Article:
Are Triggers Ruining Your Relationships?


Think about the last time you got really upset at your partner. Did your reaction surprise you or your partner? In these situations, it is important to look at the feelings that arise, especially feelings of anger because these are indicators of some deeper issues that are going on inside you.

If the feelings are bigger than the situation, it’s likely a trigger. A trigger is an intense reaction rooted in the past. When you’re “triggered” it feels like a character attack. You feel it in your bones.

For example, your partner is late again and you lose it! You think “Why can’t I be a priority for once?”

This is a trigger because you’re not just mad about his being late. The real culprit is that you are telling yourself that you don’t matter to him! That is what you’re really upset about. And that is why your reaction is so intense – and surprising to the person on the receiving end of it.

This blog gives you three tips on how to handle triggers so they don’t cause problems in your relationship.

Here are some examples.

Examples of triggers

  • Feeling disrespected, criticized, or put down

  • Using a sharp or sarcastic tone of voice

  • Anticipating someone abandoning you

  • Getting reminded of past traumas

There is always a reason you are reacting intensely. Everyone has triggers that are tucked away in childhood, only to surface when you least expect it. Finding out what those triggers are can help you control these reactions before they get out of hand.

1. Find the source

Find the source of the trigger. In order to do this, you’ll need to stop focusing on what the other person is doing (which is the current trigger) and look at what’s going on emotionally. Here are some questions to spark what’s underneath.

  • Are you sitting on old hurts or resentments that you haven’t spoken of?

  • Does their behavior remind you of something in your past?

  • What assumptions or meaning are you assigning to their behavior?

  • Are you reacting in a way that surprises you but feels familiar?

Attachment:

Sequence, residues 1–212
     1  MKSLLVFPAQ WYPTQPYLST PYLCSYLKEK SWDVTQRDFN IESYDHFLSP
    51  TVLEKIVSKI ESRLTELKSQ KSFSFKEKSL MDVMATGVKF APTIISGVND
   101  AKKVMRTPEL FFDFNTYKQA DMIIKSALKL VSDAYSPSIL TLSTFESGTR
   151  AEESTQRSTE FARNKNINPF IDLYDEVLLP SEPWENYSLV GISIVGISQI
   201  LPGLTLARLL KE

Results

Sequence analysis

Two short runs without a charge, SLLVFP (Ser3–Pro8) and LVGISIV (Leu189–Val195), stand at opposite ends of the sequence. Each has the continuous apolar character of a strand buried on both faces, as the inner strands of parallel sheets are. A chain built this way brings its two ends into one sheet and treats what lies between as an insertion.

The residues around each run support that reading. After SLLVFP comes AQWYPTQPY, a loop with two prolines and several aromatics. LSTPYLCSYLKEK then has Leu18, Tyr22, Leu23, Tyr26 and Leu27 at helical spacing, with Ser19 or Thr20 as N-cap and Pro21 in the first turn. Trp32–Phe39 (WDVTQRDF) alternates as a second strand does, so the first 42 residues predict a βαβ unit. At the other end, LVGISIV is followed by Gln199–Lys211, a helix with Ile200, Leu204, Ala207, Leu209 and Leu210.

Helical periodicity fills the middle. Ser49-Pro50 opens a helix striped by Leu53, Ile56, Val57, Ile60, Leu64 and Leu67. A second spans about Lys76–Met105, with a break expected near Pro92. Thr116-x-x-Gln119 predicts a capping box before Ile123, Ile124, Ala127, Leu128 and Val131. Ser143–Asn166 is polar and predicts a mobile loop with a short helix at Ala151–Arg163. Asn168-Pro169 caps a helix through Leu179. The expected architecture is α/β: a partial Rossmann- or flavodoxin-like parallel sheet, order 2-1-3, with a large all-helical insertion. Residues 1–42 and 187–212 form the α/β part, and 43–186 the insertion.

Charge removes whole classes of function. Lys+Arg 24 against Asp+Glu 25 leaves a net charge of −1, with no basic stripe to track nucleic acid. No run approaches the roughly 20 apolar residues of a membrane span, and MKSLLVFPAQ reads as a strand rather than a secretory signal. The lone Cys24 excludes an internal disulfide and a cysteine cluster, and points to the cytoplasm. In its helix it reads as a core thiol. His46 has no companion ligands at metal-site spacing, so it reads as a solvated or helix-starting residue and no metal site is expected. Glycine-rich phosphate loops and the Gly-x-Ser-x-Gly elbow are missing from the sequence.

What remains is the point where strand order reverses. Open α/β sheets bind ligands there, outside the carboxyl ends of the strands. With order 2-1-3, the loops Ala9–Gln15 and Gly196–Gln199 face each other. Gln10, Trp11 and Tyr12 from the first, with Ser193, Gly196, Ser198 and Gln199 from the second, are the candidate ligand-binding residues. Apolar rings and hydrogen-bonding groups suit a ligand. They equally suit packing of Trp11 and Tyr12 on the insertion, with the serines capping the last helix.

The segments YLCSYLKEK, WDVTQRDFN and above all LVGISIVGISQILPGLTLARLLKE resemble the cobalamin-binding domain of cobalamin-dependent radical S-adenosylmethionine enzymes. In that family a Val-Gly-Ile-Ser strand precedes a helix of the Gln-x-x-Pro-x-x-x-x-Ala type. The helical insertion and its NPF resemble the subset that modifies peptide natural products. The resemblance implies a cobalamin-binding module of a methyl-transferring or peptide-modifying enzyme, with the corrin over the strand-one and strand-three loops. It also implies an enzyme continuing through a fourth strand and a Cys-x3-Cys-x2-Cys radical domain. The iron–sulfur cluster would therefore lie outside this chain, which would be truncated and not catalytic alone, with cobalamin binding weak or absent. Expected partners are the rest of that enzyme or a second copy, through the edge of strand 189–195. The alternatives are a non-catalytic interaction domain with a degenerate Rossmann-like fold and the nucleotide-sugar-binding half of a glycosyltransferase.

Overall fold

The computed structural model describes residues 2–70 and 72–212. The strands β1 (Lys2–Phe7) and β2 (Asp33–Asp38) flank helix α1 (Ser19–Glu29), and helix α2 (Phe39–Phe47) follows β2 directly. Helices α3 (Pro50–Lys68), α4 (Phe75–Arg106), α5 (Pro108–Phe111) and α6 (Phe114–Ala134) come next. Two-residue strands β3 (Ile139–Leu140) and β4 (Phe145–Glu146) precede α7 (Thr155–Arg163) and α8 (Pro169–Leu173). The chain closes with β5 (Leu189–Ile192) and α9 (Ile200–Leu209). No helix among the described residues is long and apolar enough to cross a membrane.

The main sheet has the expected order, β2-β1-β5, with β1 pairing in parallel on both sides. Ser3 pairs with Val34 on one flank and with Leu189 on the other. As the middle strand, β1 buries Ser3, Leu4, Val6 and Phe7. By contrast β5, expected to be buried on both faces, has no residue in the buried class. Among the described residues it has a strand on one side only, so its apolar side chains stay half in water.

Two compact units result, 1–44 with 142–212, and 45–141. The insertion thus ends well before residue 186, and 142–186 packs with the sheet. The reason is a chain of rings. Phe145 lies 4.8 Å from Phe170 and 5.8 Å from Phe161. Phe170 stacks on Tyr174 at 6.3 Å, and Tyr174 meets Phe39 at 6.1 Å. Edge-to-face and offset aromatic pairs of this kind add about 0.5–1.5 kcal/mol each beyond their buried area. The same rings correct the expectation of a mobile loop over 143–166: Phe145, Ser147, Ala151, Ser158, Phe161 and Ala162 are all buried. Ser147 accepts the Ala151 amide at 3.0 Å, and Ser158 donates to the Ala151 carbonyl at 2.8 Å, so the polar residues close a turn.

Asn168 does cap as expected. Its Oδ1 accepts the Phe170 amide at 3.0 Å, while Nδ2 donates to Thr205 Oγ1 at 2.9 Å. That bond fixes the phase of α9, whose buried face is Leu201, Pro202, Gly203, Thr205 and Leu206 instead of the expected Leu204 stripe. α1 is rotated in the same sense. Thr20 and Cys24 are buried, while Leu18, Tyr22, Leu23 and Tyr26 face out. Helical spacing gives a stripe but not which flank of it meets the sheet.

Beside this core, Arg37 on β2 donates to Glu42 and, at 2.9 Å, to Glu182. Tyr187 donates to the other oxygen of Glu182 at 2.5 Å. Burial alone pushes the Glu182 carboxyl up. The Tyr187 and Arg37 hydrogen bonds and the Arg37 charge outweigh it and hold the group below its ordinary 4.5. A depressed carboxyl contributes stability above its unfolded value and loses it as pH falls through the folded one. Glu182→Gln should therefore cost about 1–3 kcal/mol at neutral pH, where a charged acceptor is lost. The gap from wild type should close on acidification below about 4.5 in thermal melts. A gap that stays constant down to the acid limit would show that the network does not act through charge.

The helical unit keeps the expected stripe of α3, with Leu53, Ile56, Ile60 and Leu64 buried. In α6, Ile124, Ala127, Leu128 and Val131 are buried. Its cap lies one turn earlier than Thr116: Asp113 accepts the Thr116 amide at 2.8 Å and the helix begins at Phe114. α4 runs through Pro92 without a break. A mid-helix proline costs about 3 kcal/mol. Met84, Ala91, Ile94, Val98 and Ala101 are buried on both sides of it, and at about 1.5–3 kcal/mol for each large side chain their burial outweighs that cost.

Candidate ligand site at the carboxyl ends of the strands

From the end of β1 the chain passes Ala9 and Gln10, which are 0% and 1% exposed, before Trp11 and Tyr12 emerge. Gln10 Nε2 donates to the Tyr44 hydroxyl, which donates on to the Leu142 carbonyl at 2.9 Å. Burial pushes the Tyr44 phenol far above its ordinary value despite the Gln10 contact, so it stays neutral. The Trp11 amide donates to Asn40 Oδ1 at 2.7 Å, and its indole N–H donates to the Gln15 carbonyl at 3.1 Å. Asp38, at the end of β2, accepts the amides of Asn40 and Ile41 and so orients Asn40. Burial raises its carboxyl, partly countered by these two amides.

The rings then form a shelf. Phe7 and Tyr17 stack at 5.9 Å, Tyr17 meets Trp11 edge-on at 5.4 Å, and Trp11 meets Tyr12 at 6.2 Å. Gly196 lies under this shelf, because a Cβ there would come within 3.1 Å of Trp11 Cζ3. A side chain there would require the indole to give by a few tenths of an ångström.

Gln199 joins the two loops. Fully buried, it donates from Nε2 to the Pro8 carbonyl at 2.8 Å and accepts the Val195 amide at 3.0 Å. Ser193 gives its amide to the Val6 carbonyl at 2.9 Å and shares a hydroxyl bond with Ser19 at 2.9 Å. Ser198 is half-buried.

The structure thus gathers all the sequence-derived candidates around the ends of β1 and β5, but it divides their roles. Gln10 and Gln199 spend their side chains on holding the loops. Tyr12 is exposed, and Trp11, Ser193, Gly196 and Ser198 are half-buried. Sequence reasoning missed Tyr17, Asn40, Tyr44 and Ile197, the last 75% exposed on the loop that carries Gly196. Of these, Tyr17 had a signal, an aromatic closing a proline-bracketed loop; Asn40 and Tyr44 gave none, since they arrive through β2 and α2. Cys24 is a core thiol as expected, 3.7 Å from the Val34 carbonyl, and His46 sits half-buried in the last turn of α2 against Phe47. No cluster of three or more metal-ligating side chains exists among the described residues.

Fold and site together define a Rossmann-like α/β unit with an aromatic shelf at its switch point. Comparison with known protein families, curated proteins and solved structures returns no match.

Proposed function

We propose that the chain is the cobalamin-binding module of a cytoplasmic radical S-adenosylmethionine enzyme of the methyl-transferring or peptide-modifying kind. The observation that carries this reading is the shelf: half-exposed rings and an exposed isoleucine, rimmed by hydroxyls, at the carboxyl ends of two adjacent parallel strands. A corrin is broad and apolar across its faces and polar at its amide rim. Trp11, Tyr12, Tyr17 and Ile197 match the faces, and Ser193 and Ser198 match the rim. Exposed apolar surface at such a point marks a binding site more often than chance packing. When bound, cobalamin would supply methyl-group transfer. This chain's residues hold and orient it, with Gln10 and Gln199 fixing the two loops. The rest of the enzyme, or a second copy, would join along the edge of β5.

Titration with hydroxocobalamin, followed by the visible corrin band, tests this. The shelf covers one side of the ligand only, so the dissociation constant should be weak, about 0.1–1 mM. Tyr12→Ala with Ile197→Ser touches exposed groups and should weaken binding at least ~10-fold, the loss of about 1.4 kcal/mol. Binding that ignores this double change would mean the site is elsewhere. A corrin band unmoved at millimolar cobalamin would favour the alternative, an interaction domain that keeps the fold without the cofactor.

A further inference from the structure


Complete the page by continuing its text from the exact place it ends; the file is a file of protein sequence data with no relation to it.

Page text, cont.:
• When have you felt this way before?

When triggers are especially deep, professional counseling is recommended. You know that you’re being triggered but can’t connect it to anything. Getting outside help can help you make important connections to understand your present reactions.

2. Taking the focus off of them

Handling triggers is all about self-care. Because the emotions are intense, removing yourself is the first course of action. Don’t stay and talk it out. Your emotions will overtake you and cause more problems. Find healthy outlets to calm down and self-sooth first.

Here are some suggested outlets:

  • Get some fresh air

  • Reach out for support

  • Do some vigorous exercise

  • Write in a journal

  • Find an activity that comforts you

3. Communicate what you need

After you calm down, let the other person know what you need. Once you identify the “source” of the trigger, (where it comes from) see how much of your reaction is about the past verse the present. What’s happening now is triggering old feelings that may or may not be true. Check out all assumptions.

For instance, in the example about being late, let them know what triggered you. It would sound like this.

“I felt really scared when you were late because my father wasn’t around much so when you’re late I get afraid that you’ll leave me.”

Don’t blame them for how you feel. Take responsibility for your triggers. In the heat of the moment, it’s easy to think you’re right but getting a reality check can get you back on track.

Final thoughts

If you have experienced any trauma or abuse, you may get triggered more easily. Triggers are by nature intense and can catch you off guard. When they start causing problems like increased tension, depression, or frequent arguments, consider seeking professional help. There are effective therapies such as EMDR, group therapy and exposure therapy that specifically focus on trauma.

There is no reason to suffer in silence if your reactions are causing pain. Everyone has certain triggers that surface especially in intimate relationships but being triggered is something beyond your control. It is a by-product of unresolved hurts that need healing.

Triggers provide an opportunity to heal the past and learn how to take better care of yourself. It takes courage but it’s worth it!

Click here to get your 10 FREE Tips on Transforming Anger Into Loving Connection.

About Michelle Farris LMFT

Michelle Farris is a licensed psychotherapist in San Jose, California. She specializes in healing anger, relationships and codependency. She offers individual and couples counseling and online courses. Go to her website for more information.